I think and I may be completely full of crap here. I think it's paralysis by analysis. I think he is so unbelievably prepared. That when he has to go off script and when when stuff starts to hit the fan, I think it's a little frustrating. I think he gets a little more. I remember a game against Pittsburgh Steelers is the best team, they have two thousand and five and they beat the Steelers by a thousand and nothing earlier. They were they had a home game.

Bob Kravitz

It was a typical 13. Like that. Pittsburgh came with some stuff that they'd never seen before, and Payton was so flustered. Until late in the game, and then, of course, Vanderjagt misses the. But. Yeah, I I was critical of them, um, but I think Peyton was critical of himself, too. Why it happened, I'm not sure. But I my guess would be that he just was so. So prepare that when things didn't go according to.

Bob Kravitz

The script, he got somewhat.

Todd Jones

Do you have a favorite anecdote about his preparation? It's legendary.

Bob Kravitz

Um, you know, I remember once. Asking him about. Call so many articles, the line of scrimmage, and I asked him on. You're more worried about losing your voice. And he went on and told me about all these things he does for his for his voice or for teachers and things that he does not. This isn't a preparation service. One of my favorites, one day he was doing given doing autographs for kids and I. He's kind of hanging out.

Bob Kravitz

I noticed that he had incredible penmanship. And so I asked I said, you know, I look at some of these other guys, it just looks like chicken scratch. You know, it's a Cyrillic alphabet, I don't know what you're saying. But I look at patents and patent was. It was John Hancock. It was beautiful.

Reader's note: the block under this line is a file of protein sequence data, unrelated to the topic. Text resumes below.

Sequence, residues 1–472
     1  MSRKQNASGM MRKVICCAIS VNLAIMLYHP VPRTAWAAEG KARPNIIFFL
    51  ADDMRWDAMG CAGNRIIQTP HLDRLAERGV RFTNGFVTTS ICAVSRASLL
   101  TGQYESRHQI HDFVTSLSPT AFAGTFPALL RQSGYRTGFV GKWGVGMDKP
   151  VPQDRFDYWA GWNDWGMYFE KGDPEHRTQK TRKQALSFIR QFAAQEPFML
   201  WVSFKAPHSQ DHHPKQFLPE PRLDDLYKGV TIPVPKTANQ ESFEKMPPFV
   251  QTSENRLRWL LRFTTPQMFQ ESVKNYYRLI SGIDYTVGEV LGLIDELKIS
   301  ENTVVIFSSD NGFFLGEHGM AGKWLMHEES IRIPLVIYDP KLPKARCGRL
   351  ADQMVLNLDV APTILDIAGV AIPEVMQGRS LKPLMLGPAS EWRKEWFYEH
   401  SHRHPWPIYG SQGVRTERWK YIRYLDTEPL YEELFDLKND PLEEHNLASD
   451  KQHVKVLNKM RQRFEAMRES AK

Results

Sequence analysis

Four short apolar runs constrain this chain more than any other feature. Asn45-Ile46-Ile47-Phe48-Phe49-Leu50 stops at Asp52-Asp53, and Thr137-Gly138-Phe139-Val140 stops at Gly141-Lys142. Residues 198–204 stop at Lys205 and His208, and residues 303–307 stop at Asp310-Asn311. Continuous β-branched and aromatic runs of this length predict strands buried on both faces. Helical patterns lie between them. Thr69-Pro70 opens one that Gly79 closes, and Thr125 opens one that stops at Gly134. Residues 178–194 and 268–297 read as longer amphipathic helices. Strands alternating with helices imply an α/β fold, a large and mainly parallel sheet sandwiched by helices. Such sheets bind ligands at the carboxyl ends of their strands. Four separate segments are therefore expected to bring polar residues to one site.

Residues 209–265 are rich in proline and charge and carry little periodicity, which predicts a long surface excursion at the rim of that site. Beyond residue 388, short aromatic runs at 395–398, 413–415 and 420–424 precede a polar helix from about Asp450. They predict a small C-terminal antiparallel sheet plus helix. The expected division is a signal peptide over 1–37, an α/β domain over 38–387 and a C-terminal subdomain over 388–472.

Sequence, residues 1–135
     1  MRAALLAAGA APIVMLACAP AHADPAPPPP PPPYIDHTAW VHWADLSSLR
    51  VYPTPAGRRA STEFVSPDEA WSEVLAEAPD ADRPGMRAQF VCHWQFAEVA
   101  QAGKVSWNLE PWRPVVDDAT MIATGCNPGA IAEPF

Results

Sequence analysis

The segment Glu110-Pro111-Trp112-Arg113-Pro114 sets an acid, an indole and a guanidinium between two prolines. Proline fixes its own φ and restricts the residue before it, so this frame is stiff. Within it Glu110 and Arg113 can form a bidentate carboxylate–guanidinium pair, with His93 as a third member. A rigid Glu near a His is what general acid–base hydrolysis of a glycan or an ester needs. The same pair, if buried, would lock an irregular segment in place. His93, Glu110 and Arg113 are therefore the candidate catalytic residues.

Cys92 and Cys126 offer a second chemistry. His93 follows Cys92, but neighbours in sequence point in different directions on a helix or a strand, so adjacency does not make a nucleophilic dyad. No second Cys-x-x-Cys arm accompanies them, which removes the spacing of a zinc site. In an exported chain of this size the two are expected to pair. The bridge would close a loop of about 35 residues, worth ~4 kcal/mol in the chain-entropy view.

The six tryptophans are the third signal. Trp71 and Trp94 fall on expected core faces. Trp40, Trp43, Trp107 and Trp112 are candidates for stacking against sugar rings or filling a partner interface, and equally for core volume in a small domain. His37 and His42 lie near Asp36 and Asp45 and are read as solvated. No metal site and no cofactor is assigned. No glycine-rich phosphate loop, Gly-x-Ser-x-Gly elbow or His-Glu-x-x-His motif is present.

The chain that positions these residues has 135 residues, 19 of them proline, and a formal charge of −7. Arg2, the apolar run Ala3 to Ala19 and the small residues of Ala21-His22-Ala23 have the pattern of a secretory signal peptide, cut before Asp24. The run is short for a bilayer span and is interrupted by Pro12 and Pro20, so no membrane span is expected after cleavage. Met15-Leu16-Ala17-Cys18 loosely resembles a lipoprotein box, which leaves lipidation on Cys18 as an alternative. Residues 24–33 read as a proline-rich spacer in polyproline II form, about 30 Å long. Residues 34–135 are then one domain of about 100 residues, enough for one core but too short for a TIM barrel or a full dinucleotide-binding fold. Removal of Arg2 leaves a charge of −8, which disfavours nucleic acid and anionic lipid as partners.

Todd Jones

Was he taught by nuns?

Bob Kravitz

No, no. But he was taught by his father. And we sat and talked for almost 40 minutes where he talked about the importance of writing legibly so that that kid who got an autograph in training camp. In nineteen ninety eight or whatever. Two thousand. That he can look at that ball one day and take that ball. I got that signed by. May not be left. Yes, well, that's kind of an insight to his thoughtfulness, too, because everybody everybody heard about the charities he's been involved in the Peyton Manning Children's Hospital there in Indianapolis.

Bob Kravitz

Um, but, you know, he's got a reputation of being a very accommodating person, was available to the people and to the media in Indianapolis. It wasn't a role he played. Right. It was just you just kind of who he was. Yeah.

Bob Kravitz

I mean, some people thought he was phony, almost too good to be true. But, you know, I mean. Just like he did a. As the interview prior to.

But a week or two ago.

And it's a small thing, but he knows everybody by name. And you say, yeah, this is Bob Kravitz from the Athletic about how are you doing? How's your family? And then you answer your question. And it wasn't just me. I mean, everybody. Hey, pal, what's going on? It sounds like B.S., but he I think it was important enough for him to care. And he's always been like that. I mean, no, I can't tell you, I wrote about this in athletic.